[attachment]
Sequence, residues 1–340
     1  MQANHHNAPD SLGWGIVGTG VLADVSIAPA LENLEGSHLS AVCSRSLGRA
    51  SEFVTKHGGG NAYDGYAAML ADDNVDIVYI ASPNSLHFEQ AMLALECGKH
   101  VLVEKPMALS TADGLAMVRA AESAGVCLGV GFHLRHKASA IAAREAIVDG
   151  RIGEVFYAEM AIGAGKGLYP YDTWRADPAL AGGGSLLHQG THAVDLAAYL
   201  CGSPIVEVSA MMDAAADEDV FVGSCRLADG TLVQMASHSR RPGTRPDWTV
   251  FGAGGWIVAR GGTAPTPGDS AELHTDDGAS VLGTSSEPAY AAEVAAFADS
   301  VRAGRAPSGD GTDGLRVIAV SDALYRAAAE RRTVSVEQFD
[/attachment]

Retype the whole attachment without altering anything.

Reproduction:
Sequence, residues 1–340
     1  MQANHHNAPD SLGWGIVGTG VLADVSIAPA LENLEGSHLS AVCSRSLGRA
    51  SEFVTKHGGG NAYDGYAAML ADDNVDIVYI ASPNSLHFEQ AMLALECGKH
   101  VLVEKPMALS TADGLAMVRA AESAGVCLGV GFHLRHKASA IAAREAIVDG
   151  RIGEVFYAEM AIGAGKGLYP YDTWRADPAL AGGGSLLHQG THAVDLAAYL
   201  CGSPIVEVSA MMDAAADEDV FVGSCRLADG TLVQMASHSR RPGTRPDWTV
   251  FGAGGWIVAR GGTAPTPGDS AELHTDDGAS VLGTSSEPAY AAEVAAFADS
   301  VRAGRAPSGD GTDGLRVIAV SDALYRAAAE RRTVSVEQFD